Strategies for Small Volume Resuscitation: Hyperosmotic-Hyperoncotic Solutions, Hemoglobin Based Oxygen Carriers and Closed-Loop ResuscitationIntroduction: Logistic constraints on combat casualty care preclude traditional resuscitation strategies which can require volumes and weights 3 fold or greater than hemorrhaged volume. We present a review of quantitative analyses of clinical and animal data on small volume strategies using 1) hypertonic-hyperosmotic solutions (HHS); 2) hemoglobin based oxygen carriers (HBOCs) and 3) closed-loop infusion regimens.Methods and Results: Literature searches and recent queries to industry and academic researchers have allowed us to evaluate the record of 81 human HHS studies (12 trauma trials), 19 human HBOCs studies (3trauma trials) and two clinical studies of closed-loop resuscitation.There are several hundreds animal studies and at least 82 clinical trials and reports evaluating small volume7.2%-7.5% hypertonic saline (HS) most often combined with colloids, e.g., dextran (HSD) or hetastarch(HSS). HSD and HSS data has been published for 1,108 and 392 patients, respectively. Human studies have documented volume sparing and hemodynamic improvements. Meta-analyses suggest improved survival for hypotensive trauma patients treated with HSD with significant reductions in mortality found for patients with blood pressure < 70 mmHg, head trauma, and penetrating injury requiring surgery. HSD and HSS have received regulatory approval in 14 and 3 countries, respectively, with 81,000+ units sold. The primary reported use was head injury and trauma resuscitation. Complications and reported adverse events are surprisingly rare and not significantly different from other solutions.HBOCs are potent volume expanders in addition to oxygen carriers with volume expansion greater than standard colloids. Several investigators have evaluated small volume hyperoncotic HBOCs or HS-HBOC formulations for hypotensive and normotensive resuscitation in animals. A consistent finding in resuscitation with HBOCs is depressed cardiac output. There is some evidence that HBOCs more efficiently unload oxygen from plasma hemoglobin as well as facilitate RBC unloading. We analyzed one volunteer study, 15 intraoperative trials, and 3 trauma studies using HBOCs. Perioperative studies generally suggest ability to deliver oxygen, but one trauma trial using HBOCs (HemAssist) for treatment of trauma resulted in a dramatic increase in mortality, while an intraoperative trauma study using Polyheme demonstrated reductions in blood use and lower mortality compared to historic controls of patients refusing blood. Transfusion reductions with HBOC use have been modest. Two HBOCs (Hemopure and Polyheme) are now in new or planned large-scale multicenter prehospital trials of trauma treatment. A new implementation of small volume resuscitation is closed-loop resuscitation (CLR), which employs microprocessors to titrate just enough fluid to reach a physiologic target . Animal studies suggest less risk of rebleeding in uncontrolled hemorrhage and a reduction in fluid needs with CLR. The first clinical application of CLR was treatment of burn shock and the US Army. Conclusions: Independently sponsored civilian trauma trials and clinical evaluations in operational combat conditions of different small volume strategies are warranted.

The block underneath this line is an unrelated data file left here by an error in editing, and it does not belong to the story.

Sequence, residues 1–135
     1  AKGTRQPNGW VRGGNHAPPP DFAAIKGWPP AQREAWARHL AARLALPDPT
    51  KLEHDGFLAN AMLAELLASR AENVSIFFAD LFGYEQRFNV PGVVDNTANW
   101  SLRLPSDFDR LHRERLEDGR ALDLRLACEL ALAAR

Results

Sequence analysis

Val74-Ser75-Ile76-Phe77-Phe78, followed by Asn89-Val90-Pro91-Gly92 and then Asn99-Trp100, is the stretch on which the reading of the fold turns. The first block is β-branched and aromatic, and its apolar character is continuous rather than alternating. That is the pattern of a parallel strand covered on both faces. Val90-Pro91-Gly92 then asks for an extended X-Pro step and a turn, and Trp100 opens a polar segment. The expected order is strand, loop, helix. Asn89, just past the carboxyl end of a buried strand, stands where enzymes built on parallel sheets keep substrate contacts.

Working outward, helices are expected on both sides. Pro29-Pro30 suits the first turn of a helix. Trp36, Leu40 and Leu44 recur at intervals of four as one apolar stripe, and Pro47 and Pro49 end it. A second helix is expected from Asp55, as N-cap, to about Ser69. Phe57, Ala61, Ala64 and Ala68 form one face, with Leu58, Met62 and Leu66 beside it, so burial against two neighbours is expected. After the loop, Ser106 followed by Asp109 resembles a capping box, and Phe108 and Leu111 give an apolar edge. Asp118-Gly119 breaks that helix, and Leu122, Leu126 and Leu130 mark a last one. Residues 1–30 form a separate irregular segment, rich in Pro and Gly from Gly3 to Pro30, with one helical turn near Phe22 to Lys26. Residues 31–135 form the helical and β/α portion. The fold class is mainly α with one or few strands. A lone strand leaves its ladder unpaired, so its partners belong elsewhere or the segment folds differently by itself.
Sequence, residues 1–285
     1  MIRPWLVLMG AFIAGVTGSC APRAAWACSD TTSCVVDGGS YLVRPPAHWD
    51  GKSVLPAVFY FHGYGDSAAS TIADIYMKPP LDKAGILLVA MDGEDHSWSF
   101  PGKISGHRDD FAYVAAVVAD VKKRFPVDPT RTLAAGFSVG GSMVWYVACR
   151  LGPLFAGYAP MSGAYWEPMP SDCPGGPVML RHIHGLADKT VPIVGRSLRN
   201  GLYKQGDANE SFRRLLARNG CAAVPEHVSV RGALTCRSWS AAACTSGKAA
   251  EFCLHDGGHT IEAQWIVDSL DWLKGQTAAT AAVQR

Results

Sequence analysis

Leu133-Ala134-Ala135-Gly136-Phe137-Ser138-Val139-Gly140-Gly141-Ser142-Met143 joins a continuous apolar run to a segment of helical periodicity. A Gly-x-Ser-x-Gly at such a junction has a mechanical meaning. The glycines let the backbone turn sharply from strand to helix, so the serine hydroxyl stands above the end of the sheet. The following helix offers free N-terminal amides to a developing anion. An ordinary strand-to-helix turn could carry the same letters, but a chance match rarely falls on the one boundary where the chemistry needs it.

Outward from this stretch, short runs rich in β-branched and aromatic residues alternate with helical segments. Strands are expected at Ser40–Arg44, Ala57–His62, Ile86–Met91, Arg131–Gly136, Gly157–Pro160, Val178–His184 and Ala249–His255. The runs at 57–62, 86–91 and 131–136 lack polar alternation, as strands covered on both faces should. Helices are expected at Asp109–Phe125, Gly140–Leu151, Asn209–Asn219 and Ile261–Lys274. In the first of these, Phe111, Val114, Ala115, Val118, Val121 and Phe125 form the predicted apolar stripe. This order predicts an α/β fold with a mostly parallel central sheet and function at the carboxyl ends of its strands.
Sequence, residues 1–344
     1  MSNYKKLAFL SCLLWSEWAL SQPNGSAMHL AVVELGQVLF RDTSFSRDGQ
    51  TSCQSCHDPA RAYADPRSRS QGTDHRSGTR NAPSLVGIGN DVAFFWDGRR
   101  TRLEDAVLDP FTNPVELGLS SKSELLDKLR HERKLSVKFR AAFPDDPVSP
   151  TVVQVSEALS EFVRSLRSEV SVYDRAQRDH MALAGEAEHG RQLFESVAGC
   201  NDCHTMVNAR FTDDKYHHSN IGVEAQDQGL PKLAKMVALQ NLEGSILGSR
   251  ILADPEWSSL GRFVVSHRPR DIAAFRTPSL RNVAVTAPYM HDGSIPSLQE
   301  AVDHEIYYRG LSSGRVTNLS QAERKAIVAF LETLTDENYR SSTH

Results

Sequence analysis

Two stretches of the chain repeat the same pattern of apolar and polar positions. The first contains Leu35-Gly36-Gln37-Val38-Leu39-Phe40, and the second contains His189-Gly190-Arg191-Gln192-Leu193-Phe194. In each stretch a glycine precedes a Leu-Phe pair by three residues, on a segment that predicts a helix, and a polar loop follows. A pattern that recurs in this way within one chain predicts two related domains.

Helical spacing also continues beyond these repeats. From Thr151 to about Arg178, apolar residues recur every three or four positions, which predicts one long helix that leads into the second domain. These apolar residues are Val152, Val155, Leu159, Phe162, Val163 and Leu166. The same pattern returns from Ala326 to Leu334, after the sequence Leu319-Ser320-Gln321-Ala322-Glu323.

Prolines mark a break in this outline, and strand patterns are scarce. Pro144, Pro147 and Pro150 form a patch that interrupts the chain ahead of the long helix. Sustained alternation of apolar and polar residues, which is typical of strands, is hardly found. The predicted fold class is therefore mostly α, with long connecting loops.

Kramer, George C. (Texas Univ. Galveston, TX, United States)
Wade, Charles E. (NASA Ames Research Center Moffett Field, CA, United States)
Dubick, Michael A. (Army Inst. of Surgical Research Fort Sam Houston, TX, United States)
Atkins, James L. (Walter Reed Army Inst. of Research Silver Spring, MD, United States)
September 7, 2013
September 1, 2004
Publication: Combat Casualty Care in Ground-Based Tactical Situations: Trauma Technology and Emergency Medical Procedures